So in the context of human change, motivation is less about having the sufficient energy to carry out a task. Instead, it’s more about understanding how your body develops its behaviors and actions. Once you gain knowledge of how your body works now, you can adequately guide yourself toward the desires you seek.

Chazz Scott is a mindset & resilience expert. He trains leaders, entrepreneurs, and professionals to "unlock their inner wealth" to achieve their potential professionally and personally. Chazz is also the Executive Director & Chief Creative Optimist of Positively Caviar, Inc., a grassroots 501(c)(3) nonprofit focused on building mental resilience through positive thinking and optimism to combat mental health stigmas in youth. He lives in the Washington, D.C. area. For more info, check out his weekly blog at or download his latest free workbook to learn how to set better goals and build effective habits: download here.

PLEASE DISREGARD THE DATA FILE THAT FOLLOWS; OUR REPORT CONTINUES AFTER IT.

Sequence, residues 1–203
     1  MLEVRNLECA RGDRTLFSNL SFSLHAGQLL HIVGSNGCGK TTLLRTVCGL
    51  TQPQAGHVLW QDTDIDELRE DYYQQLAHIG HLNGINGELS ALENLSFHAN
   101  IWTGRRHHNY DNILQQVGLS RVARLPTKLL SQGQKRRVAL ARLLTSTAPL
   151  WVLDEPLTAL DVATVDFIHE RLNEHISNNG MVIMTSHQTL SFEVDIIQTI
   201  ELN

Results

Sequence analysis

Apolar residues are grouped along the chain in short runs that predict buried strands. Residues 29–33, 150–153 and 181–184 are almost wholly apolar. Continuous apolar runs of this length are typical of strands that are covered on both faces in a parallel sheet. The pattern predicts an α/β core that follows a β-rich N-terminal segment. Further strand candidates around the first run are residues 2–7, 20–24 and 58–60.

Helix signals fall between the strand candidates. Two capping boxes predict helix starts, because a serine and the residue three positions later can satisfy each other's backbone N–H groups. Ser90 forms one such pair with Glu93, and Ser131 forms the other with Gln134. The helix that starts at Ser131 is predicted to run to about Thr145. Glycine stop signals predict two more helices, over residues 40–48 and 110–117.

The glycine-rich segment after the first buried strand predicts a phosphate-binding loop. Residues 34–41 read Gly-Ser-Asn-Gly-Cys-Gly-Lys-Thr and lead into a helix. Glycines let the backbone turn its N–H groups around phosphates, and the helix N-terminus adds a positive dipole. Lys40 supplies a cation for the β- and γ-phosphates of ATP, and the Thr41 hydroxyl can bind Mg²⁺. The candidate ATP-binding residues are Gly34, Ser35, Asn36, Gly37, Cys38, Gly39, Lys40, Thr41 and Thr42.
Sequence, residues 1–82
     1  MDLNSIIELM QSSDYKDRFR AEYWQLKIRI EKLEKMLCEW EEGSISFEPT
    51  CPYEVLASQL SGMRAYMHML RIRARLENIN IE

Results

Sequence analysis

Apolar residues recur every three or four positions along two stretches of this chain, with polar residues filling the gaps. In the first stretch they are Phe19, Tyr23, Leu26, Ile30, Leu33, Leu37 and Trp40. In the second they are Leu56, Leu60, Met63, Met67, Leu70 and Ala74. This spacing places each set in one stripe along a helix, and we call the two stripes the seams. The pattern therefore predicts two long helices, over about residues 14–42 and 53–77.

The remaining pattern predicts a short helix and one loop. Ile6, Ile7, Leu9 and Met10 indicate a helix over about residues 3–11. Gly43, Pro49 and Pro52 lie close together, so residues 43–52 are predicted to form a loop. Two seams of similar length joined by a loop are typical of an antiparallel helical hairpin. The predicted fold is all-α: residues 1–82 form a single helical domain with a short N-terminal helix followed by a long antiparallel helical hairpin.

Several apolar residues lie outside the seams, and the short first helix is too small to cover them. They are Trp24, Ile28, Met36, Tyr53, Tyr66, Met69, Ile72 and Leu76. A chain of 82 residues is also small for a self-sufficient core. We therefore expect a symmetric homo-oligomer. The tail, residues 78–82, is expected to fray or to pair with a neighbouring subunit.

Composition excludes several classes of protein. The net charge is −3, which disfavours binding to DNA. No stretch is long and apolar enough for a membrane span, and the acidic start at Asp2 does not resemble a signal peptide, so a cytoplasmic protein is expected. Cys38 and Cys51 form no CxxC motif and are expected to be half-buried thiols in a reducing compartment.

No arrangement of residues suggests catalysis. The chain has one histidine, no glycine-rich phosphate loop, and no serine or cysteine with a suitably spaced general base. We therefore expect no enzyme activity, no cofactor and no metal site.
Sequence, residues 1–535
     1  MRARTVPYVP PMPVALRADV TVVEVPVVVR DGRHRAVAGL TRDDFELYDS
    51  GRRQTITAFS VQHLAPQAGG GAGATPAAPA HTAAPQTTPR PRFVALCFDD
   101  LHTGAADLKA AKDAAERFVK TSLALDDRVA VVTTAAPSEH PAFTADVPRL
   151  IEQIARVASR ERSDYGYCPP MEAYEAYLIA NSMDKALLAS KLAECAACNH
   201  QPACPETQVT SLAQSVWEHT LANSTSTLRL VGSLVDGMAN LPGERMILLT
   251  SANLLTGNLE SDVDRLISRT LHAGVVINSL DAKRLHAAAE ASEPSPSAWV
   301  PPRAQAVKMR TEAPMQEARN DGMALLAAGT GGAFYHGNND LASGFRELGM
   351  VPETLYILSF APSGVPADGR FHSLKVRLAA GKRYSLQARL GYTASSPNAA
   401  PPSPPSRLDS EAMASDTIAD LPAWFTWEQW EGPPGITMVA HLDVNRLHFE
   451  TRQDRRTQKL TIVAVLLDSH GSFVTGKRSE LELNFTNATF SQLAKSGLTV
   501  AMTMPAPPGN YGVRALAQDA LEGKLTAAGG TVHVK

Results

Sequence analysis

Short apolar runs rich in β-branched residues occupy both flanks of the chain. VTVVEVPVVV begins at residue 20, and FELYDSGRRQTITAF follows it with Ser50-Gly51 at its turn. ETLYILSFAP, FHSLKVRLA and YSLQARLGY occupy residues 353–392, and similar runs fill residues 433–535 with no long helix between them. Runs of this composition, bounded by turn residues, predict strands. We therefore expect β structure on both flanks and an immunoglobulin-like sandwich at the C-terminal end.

Here’s Why You Need to Make Motivation Personal



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You put down your self-help book and you feel ready. You are ready to conquer any Herculean task that is standing in your way to success. You are transformed, and you cannot wait to show the world what you are capable of. The next day, you wake up early in the morning. You turn off your phone’s alarm clock with such energy you know you are going to smash the day.  (more…)

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This Isn’t a Disney Movie: No One Is Going to Save You



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I think we’ve all been hypnotized. Hypnotized by movies, books, and stories that we’ve heard growing up as children.

All of these stories can provide a great source of inspiration, but as you grow up, you start to realize reality isn’t necessarily the same. When life doesn’t go right, goals don’t get accomplished, you can’t overcome a bad habit, or when you feel stuck in life – no genie magically comes out of a lamp to save you. (more…)

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A Step by Step Process That Will Help You Make the Impossible, Possible